Cornell bioengineers have combined 3-D printing with injectable gel molds to create an artificial ear that looks and functions like a real human ear. The new bioengineering method offers a more natural-feeling and painless alternative to conventional reconstructive surgery and prosthetics. The technology could help children born with microtia, congenital deformity and those who suffered ear loss due to cancer or an accident.

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Dr. Jason Spector, director of the Laboratory for Bioregenerative Medicine and Surgery and associate professor of plastic surgery at Weill Cornell Medical College, along with his colleague Dr. Lawrence Bonassar first constructed the ears with a digitized 3D image of a person’s ear. The image was used to build a mold of a solid ear using a 3D printer. The mold was then filled with a high-density, injectable gel made of living cells. After the removal of the mold, cartilage was grown on the collagen.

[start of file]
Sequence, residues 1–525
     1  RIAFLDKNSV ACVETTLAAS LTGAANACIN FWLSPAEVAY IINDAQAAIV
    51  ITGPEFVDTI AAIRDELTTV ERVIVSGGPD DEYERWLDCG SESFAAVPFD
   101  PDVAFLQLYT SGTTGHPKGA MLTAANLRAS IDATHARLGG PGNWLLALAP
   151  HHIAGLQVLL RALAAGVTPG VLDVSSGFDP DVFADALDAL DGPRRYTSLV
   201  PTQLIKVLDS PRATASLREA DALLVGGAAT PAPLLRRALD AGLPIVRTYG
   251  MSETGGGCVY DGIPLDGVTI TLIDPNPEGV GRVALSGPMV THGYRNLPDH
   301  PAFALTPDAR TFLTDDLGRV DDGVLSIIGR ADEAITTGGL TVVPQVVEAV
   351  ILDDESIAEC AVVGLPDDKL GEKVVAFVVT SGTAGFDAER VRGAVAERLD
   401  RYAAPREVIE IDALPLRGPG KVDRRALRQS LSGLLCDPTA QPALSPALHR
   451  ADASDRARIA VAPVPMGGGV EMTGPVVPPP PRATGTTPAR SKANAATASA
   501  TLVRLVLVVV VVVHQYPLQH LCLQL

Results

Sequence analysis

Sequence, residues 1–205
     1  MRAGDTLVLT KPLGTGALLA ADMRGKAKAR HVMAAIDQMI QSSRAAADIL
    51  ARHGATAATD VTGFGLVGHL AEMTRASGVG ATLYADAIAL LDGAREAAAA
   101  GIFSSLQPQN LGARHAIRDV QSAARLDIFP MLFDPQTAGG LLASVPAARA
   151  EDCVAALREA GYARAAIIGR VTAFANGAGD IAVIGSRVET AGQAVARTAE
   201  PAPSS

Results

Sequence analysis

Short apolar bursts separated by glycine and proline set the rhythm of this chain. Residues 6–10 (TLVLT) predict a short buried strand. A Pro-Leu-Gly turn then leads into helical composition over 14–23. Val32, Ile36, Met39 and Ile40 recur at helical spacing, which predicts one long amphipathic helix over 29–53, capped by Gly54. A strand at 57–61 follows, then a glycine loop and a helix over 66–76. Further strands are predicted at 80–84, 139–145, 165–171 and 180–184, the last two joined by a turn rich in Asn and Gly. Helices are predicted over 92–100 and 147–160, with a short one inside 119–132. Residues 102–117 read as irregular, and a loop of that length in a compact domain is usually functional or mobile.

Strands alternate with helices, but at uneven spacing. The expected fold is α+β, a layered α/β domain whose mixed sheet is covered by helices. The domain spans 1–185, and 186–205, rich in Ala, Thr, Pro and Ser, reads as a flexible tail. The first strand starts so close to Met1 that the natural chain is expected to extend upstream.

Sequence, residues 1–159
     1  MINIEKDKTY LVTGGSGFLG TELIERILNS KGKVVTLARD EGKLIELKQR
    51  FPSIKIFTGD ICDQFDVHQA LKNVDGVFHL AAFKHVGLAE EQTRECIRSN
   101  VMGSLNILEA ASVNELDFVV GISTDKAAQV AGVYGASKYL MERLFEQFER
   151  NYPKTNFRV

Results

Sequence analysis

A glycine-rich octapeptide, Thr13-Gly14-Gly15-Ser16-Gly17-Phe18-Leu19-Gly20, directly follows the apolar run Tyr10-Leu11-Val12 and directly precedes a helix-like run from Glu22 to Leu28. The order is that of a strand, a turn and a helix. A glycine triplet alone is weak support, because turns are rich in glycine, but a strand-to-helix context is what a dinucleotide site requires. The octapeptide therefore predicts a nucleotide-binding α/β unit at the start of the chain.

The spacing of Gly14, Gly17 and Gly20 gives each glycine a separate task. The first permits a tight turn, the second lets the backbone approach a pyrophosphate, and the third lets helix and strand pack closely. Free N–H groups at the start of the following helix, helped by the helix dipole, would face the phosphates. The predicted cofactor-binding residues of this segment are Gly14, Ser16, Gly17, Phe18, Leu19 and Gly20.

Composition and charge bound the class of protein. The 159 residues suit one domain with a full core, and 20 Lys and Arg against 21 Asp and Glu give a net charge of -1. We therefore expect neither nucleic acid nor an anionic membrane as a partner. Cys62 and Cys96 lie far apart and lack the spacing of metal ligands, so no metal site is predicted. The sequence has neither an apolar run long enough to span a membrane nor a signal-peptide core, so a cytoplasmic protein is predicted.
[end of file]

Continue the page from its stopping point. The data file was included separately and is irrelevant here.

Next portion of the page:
“The reason why cartilage tissue engineering lends itself to this type of approach is that cartilage is unique—it doesn’t require an immediate blood supply to survive,” said Spector. “The use of our special collagen hydro-gel allows the cells to not only survive, but thrive, and lay down a cartilaginous matrix.”

The best time for implanting the 3D-printed ear would be around the age of 5 or 6, when the head and ears reach 80 percent of adult size, said Spector.

The researchers are now developing ways of using cartilage cells to create synthetic organ transplants, by mixing cartilage cells with stem cells extracted from bone marrow. The procedure could take less than 30 minutes, instead of 5 to 6 hours required for rib cartilage harvesting surgery, according to Spector.

+ Weill Cornell Medical College

Via Discovery News